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Coach Your Student to Communicate with ProfessorsAmy Baldwin, Ed.D.
Your student’s college professor is more than just an educator. The professor can be a valuable asset both during college and after graduation. The relationship between your student and their professors is also an important mentoring opportunity. It’s important for your student to establish relationships with their professors early in their college career.
Professors long for students who aren’t simply there to occupy a seat, get a grade, and move on to the next class. Following these simple steps should help your student create a relationship during class and beyond the classroom.
Your student should study each course syllabus carefully, noting assignments and due dates and using it to plan research papers and group projects. They shouldn’t wait until the middle of the semester to begin a major project and, if they’re unsure about a requirement for the class, they should ask early for clarification. The syllabus is a guidebook to the class and the professor expects every student to follow it.
It’s easy to impress a professor: be on time for class, sit near the front, be prepared and engaged, contribute to class discussions. It also helps to ask thoughtful questions and complete assignments on time.
Your student should always pay attention to what the professor writes on the board, in course blogs, and in emails. This information may be critical for exam preparation.
Students shouldn’t be afraid to develop a relationship beyond the classroom. Office hours are your student’s best friend. During office hours, students can get to know the professor and receive one-on-one guidance and advice. Professors remember who shows an interest in their class and who merely occupies a seat.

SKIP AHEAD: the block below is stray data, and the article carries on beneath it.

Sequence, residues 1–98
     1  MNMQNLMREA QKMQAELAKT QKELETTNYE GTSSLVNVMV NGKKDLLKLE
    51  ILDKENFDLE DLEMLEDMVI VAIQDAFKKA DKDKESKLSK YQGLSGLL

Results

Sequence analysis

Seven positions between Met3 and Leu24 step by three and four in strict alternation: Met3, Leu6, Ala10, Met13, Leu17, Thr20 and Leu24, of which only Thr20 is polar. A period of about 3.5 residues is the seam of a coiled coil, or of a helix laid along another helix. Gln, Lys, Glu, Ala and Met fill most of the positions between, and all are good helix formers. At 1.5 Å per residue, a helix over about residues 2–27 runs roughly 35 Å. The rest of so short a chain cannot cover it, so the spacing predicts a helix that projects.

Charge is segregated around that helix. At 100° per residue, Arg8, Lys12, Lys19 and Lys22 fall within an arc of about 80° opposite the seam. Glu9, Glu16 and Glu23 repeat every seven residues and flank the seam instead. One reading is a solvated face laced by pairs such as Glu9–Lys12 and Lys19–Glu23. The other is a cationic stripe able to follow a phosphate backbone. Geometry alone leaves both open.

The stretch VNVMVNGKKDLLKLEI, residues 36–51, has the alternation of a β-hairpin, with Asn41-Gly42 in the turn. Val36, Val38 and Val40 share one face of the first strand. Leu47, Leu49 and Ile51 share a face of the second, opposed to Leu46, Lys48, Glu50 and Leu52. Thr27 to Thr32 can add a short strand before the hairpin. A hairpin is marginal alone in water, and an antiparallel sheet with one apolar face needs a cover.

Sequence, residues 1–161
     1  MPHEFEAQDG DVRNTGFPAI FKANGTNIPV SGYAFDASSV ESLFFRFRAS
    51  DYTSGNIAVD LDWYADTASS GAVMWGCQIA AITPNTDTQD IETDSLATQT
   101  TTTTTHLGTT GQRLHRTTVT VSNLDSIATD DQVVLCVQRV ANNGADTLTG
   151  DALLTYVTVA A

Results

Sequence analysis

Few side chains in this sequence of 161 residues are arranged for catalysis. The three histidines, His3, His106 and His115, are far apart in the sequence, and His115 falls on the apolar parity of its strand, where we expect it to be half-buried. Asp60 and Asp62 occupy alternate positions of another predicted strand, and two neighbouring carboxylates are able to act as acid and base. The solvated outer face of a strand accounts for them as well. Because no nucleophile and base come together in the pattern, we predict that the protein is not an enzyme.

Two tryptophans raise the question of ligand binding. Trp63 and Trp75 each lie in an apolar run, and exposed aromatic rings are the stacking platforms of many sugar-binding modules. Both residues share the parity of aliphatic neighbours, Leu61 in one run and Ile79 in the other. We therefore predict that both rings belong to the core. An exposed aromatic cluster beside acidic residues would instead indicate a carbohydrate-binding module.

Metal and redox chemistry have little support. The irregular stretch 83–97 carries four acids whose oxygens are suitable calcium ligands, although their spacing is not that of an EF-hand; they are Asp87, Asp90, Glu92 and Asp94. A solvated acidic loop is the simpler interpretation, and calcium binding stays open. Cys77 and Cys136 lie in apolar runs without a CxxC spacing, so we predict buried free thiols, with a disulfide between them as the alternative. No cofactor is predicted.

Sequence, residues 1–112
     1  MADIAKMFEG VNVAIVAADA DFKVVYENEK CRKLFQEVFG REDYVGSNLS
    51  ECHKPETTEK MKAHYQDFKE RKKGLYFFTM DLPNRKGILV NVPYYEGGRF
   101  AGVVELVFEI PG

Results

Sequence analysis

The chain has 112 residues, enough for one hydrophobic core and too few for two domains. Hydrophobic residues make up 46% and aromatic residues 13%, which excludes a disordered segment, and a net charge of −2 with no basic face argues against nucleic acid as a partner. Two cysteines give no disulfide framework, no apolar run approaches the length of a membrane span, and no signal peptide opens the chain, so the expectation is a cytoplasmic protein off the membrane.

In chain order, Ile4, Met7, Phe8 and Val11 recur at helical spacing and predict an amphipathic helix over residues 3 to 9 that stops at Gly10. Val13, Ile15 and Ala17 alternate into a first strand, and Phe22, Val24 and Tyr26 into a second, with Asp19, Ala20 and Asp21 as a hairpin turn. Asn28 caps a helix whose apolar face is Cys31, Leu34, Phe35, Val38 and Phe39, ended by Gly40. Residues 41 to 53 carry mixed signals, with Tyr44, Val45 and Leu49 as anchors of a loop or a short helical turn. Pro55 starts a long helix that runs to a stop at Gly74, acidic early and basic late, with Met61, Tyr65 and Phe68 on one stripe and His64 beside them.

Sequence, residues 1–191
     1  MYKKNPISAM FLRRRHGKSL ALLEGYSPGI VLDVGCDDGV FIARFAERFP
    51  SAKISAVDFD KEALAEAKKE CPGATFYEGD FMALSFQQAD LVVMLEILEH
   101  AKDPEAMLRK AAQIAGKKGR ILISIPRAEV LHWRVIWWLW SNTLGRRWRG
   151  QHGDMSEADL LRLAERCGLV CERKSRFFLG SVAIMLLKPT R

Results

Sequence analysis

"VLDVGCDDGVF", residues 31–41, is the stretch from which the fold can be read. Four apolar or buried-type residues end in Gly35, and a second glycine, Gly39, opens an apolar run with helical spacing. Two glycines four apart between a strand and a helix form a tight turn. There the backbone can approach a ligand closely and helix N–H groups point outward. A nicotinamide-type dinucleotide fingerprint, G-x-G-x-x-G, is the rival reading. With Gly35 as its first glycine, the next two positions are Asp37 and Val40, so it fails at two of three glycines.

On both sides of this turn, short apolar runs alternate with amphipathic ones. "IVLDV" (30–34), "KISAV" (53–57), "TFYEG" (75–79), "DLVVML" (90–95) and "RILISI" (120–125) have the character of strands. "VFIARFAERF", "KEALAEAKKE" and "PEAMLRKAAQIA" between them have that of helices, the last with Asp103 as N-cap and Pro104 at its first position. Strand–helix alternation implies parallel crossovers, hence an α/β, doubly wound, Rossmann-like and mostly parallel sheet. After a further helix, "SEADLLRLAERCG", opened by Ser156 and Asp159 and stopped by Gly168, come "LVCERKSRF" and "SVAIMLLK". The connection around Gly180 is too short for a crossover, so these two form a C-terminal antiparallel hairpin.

This doesn’t mean your student should be overly informal, but if your student shows a sincere interest in the course material and a mature attitude, it will not go unnoticed.
If your student says, "I don't know what to say at office hours!" check out these great tips from College Parent Central about how to help students start talking to professors. And share this hilarious video about overcoming "FMOOWMP" (Fear of Meeting One-on-One With My Professor).
Professors often go beyond their job responsibilities: answering an email late at night, staying an hour after class or extending office hours to help students, or offering help with scholarships and internships. When this happens, your student should be sure to say thank you in person, or send a note or email.
Students who build relationships with their professors are more likely to succeed during college and after college as they enter the job market.
Your student will need recommendation letters and references when applying for jobs or graduate programs. When they have a relationship with the professor writing the letter, the professor will take the time to write a personalized and detailed recommendation. Employers value a professor’s input when interviewing prospective graduate employees.
Professors in a student’s major can help them build a network better than anyone else. They have numerous professional contacts because they have spent years building their own network. When your student graduates and is looking for a full-time job or internship, professors can be an invaluable resource for career advice and industry connections.